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All About Kittens
The term kitten (Old English diminutive of cat) generally refers to a young domesticated cat that is 6 weeks old or younger.
The young of species in the genus Panthera and of some other big cats are called cubs rather than kittens. Either term may be used for the young of smaller wild felids such as ocelots, caracals, and lynx, but kitten is usually more common for these species. Groups of domestic kittens are referred to as kindles.
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Kitten and his box.
All About Kittens
A litter of kittens usually consists of two to five kittens. They are usually born after 64 to 69 days of gestation , and kittens emerge in an amnion which is bitten off and eaten by the mother cat. For the first several weeks, kittens are unable to urinate or defecate without being stimulated by their mother. They are also unable to regulate their body temperature for the first three weeks, so kittens born in temperatures less than 27 °C (80 °F) are at risk for death from exposure if they are not kept warm by their mother. The mother's milk is very important for the kittens' nutrition, so if possible, the kitten should not be taken from their mother for at least 5 to 6 weeks after birth. The kitten is otherwise more likely to get infected with a disease.
Kittens open their eyes about seven to ten days following birth. At first, the retina is poorly developed and vision is poor. Kittens are not able to see as well as adult cats for about three months after birth.Kittens develop very quickly from about two weeks of age until their seventh week. Their coordination and strength improve, they play-fight with their litter-mates, and begin to explore the world outside the nest. They learn to wash themselves and others as well as play hunting and stalking games. The kittens' mother or other adult cats present may demonstrate hunting techniques for them to emulate.
As they reach one month of age, the kittens are gradually weaned and begin to eat solid food. Kittens live primarily on solid food after weaning, but usually continue to suckle from time to time until separated from their mothers. Some mother cats will scatter their kittens as early as three months of age, while others continue to look after them until they approach sexual maturity.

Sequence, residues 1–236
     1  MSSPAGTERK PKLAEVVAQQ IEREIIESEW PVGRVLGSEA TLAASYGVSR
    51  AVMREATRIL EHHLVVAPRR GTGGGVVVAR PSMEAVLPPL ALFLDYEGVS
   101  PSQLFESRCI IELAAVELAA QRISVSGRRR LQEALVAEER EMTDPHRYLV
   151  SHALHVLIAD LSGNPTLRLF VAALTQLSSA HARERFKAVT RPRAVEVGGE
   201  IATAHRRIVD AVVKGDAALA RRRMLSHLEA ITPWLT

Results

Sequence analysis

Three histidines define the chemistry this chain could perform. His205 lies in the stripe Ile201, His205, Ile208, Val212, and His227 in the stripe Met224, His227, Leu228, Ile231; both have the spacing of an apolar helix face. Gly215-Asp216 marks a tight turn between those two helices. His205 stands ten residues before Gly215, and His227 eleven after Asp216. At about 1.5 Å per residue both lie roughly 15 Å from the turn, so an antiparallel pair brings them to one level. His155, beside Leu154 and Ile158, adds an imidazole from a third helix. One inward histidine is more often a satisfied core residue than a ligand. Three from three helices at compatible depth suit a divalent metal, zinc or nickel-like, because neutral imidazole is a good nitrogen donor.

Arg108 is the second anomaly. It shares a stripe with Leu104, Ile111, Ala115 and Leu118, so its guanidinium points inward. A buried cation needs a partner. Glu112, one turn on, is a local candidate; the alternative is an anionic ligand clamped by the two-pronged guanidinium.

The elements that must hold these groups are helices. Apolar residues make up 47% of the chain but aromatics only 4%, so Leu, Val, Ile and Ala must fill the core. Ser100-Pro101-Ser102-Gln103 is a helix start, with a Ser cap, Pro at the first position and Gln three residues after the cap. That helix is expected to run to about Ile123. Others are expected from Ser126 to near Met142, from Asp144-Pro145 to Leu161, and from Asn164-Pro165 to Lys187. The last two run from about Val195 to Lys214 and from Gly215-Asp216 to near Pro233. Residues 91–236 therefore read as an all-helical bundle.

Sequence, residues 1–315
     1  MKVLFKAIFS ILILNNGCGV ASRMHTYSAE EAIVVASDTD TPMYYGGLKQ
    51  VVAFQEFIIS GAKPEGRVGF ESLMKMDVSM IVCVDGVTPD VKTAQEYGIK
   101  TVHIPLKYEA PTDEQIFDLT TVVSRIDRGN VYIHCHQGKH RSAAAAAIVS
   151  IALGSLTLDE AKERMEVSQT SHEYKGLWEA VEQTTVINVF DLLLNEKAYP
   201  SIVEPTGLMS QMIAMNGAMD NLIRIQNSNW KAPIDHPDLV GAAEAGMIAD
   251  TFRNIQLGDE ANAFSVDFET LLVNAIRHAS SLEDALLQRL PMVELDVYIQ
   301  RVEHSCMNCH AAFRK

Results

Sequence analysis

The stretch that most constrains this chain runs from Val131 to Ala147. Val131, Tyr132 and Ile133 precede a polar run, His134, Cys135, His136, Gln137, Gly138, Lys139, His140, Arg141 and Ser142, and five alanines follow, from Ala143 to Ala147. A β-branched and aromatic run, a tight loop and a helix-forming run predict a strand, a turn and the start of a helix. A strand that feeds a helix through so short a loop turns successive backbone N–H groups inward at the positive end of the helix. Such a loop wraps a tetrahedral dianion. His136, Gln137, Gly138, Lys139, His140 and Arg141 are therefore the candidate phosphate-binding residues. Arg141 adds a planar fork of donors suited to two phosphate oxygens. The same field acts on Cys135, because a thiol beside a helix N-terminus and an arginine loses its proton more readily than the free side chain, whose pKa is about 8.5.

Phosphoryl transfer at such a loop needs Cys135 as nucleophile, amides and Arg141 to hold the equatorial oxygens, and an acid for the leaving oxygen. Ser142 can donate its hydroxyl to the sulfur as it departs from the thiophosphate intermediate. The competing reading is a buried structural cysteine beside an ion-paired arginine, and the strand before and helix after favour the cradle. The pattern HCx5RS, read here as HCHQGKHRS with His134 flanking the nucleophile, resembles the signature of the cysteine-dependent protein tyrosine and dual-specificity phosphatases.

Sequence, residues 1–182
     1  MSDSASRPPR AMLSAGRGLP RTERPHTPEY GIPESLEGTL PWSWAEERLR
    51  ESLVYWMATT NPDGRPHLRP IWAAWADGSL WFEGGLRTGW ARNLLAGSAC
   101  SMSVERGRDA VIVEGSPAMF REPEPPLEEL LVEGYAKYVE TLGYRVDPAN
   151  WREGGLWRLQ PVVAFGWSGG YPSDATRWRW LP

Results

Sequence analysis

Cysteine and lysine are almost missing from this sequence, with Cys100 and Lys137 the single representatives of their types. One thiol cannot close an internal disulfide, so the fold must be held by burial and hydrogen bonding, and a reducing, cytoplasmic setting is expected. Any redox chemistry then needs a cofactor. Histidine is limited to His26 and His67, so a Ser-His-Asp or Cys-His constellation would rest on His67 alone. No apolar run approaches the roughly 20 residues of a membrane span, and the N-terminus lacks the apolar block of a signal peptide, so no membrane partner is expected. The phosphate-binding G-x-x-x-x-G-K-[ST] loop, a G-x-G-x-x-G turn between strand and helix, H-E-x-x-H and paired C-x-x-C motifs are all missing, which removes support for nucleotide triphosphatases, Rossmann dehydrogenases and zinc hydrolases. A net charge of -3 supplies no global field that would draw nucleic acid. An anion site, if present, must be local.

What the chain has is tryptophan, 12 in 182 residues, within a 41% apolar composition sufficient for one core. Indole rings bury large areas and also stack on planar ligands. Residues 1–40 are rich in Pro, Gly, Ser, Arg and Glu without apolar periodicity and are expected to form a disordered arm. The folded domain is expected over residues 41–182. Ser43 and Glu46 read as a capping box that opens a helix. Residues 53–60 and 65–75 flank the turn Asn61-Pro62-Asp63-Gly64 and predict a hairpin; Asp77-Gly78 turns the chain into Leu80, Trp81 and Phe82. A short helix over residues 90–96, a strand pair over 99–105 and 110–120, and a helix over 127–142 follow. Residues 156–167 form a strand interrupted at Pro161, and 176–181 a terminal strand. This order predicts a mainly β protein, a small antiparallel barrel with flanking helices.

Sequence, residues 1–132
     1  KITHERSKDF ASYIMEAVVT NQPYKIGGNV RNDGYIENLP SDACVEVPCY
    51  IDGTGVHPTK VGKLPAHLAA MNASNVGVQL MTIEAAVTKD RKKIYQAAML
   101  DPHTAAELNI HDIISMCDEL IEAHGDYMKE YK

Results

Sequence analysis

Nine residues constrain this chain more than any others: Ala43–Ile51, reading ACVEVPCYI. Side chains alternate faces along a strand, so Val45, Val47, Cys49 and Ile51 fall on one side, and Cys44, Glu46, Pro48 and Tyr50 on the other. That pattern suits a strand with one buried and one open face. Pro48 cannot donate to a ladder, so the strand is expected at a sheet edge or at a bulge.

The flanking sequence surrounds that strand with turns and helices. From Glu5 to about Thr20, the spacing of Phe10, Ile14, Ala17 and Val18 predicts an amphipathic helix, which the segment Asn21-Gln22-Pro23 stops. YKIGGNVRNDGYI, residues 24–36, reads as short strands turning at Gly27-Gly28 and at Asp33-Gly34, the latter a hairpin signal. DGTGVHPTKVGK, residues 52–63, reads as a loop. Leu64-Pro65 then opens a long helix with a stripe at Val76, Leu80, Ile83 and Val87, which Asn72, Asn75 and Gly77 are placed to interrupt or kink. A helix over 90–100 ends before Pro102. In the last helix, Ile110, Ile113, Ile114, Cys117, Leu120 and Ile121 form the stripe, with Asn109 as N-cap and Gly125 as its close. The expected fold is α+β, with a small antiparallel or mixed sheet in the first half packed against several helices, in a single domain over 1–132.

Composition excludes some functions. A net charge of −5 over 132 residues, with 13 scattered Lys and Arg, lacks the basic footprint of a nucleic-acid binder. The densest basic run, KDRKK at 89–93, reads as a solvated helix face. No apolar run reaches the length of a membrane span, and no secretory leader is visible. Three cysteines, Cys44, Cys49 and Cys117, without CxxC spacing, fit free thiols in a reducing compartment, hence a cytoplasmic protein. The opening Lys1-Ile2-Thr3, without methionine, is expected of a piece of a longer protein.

The gender of kittens is usually easy to determine within the age of approximately six to eight weeks, although it is possible to do so sooner. The male's urethral opening is round, whereas the female's is a slit. Another marked difference is the distance between anus and urethral opening, which is greater in males than in females.
Kittens are highly social animals and spend most of their waking hours interacting with available animals. Kittens are more vulnerable to harm because they like to find dark places to hide; the results can be fatal if the kitten is not watched carefully. Although domestic kittens are commonly sent to new homes at six to eight weeks of age, some experts believe that being with its mother and litter mates from six to twelve weeks is important for a kitten's behavioral development. Usually, breeders will not sell a kitten that is younger than twelve weeks, and in many jurisdictions, it is illegal to give away kittens younger than a certain age (usually between eight and twelve weeks).
Caring for domestic kittens.Kittens require a diet higher in protein and fat than adult cats do. From weaning until about one year of age they should be fed a diet specifically formulated for kittens. Kittens can be touched or held when a lot of fur is visible and kitten(s) are walking. Most veterinarians recommend that kittens be vaccinated against common illnesses beginning at 2-3 months of age (FVRCP 8 weeks; FVRCP 12 weeks; FVRCP, rabies and sterilization at 16 weeks) and spayed or neutered at 4-8 months of age. Some veterinarians will spay or neuter kittens as young as 6-8 weeks and weighing at least 2 pounds (approx. 1 kg); the practice is particularly common in animal shelters so that kittens can get into the adoption area sooner. Kittens should also be wormed against roundworms at about 4 weeks.
Orphaned kittens too young to eat solid food may be fed a cat milk replacement formula every two to four hours. Kittens should not be fed cow's milk because it does not provide all of the necessary nutrients and they are unable to digest lactose, and it may cause diarrhea.Orphaned kittens not urinating or defecating must be stimulated to do so after each meal by rubbing with a warm, damp washcloth at the base of their spine where the tail begins. This is vital to the kitten's survival. It is best to leave a kitten with its mother if at all possible. Kittens fed bottled milk, especially single kittens, tend to have behavioral issues (no bite inhibition) when they get older. If a kitten develops diarrhea, the best treatment is to seek advice from a veterinarian. The kitten may need to be de-wormed with a de-wormer at 6-8 weeks old and then again 2 weeks later.